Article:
==In parametric equations== In a somewhat obsolete variant usage, the abscissa of a point may also refer to any number that describes the point`s location along some path, e.g. the parameter of a parametric equation. Used in this way, the abscissa can be thought of as a coordinate-geometry analog to the independent variable in a mathematical mode....

Found on http://en.wikipedia.org/wiki/Abscissa

• (n.) One of the elements of reference by which a point, as of a curve, is referred to a system of fixed rectilineal coordinate axes.

Found on http://thinkexist.com/dictionary/meaning/abscissa/

<geometry> One of the elements of reference by which a point, as of a curve, is referred to a system of fixed rectilineal coordinate axes. ... When referred to two intersecting axes, one of them called the axis of abscissas, or of X, and the other the axis of ordinates, or of Y, the abscissa of the point is the distance cut off from the axis ...

Found on http://www.encyclo.co.uk/local/20973

(ab-sis´ә) the horizontal line in a graph along which are plotted the units of one of the variables considered in the study, as time in a time-temperature study. The other line is called the ordinate.

Found on http://www.encyclo.co.uk/local/21001

*noun* the value of a coordinate on the horizontal axis

Found on https://www.encyclo.co.uk/local/20974

**Ab·scis'sa** * noun* ; E. plural

** Abscissas** , Latin plural

** Abscissæ** . [ Latin , fem. of

* abscissus* , past participle of

* absindere* to cut of. See

__ Abscind__ .]

* (Geom.)* One of the elements of reference by which a point, as of a curve, is referred to a system of fixed re...

Found on http://www.encyclo.co.uk/webster/A/8

abscissa: see Cartesian coordinates.

Found on http://www.infoplease.com/ce6/sci/A0909859.html

horizontal distance from a fixed line to a point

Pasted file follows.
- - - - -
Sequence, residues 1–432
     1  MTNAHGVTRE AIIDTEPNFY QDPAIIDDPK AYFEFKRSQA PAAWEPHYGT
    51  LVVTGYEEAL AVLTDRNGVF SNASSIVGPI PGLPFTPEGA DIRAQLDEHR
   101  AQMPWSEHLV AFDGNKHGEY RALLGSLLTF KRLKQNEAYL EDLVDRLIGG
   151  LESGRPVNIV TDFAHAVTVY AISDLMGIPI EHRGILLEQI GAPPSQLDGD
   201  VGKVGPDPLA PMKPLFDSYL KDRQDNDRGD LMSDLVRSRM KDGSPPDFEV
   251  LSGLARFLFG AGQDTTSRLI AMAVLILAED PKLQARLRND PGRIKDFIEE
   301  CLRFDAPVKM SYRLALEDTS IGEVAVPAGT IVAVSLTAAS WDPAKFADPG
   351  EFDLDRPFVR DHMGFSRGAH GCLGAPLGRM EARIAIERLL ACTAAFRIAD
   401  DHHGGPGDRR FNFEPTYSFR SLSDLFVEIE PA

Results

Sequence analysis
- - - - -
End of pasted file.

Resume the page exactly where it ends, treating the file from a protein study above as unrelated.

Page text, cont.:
Found on http://phrontistery.info/a.html

In co-ordinate geometry, the abscissa is the x-coordinate of a point (the horizontal distance of that point from the vertical or y-axis). For example, a point with the coordinates (9, 6) has an abscissa of 9.

Found on http://www.probertencyclopaedia.com/browse/AA.HTM

In coordinate geometry, the

*x*-coordinate of a point – that is, the horizontal distance of that point from the vertical or

*y*-axis. For example, a point with the coordinates (4, 3) has an abscissa of 4. The

*y*-coordinate of a poin...

Found on http://www.talktalk.co.uk/reference/encyclopaedia/hutchinson/m0035738.html

the name given to the horizontal axis in a set of two-dimensional coordinates. Commonly referred to as the x-axis.

Found on http://www.chemistry-dictionary.com/definition/abscissa.php

The x coordinate on an (x, y) graph. The input of a function against which the output is plotted. y is the ordinate.The sign convention is that measurements to the right from the axis of ordinates are positive, measurements to the left negative. See also: Ordinate.

Found on http://www.diracdelta.co.uk/science/source/a/b/abscissa/source.html

The x-coordinate, or horizontal distance from the y-axis, in a system of Cartesian coordinates. Compare with ordinate.

Found on http://www.daviddarling.info/encyclopedia/A/abscissa.html

Type: Term Pronunciation: ab-sis′ă Definitions: 1. In a plane cartesian coordinate system, the horizontal axis (x).

Found on http://www.medilexicon.com/medicaldictionary.php?t=288

[

*n]* - the value of a coordinate on the horizontal axis

Found on http://www.webdictionary.co.uk/definition.php?query=abscissa

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